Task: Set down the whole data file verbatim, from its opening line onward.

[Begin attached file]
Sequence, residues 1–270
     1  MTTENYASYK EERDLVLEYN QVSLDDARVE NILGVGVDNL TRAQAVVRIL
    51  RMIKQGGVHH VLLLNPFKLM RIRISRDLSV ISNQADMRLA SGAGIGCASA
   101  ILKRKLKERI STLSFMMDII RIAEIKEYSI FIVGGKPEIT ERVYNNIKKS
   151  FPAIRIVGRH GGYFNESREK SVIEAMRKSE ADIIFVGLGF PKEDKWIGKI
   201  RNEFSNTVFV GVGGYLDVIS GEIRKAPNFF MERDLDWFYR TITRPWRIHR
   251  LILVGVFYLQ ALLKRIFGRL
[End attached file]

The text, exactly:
Sequence, residues 1–270
     1  MTTENYASYK EERDLVLEYN QVSLDDARVE NILGVGVDNL TRAQAVVRIL
    51  RMIKQGGVHH VLLLNPFKLM RIRISRDLSV ISNQADMRLA SGAGIGCASA
   101  ILKRKLKERI STLSFMMDII RIAEIKEYSI FIVGGKPEIT ERVYNNIKKS
   151  FPAIRIVGRH GGYFNESREK SVIEAMRKSE ADIIFVGLGF PKEDKWIGKI
   201  RNEFSNTVFV GVGGYLDVIS GEIRKAPNFF MERDLDWFYR TITRPWRIHR
   251  LILVGVFYLQ ALLKRIFGRL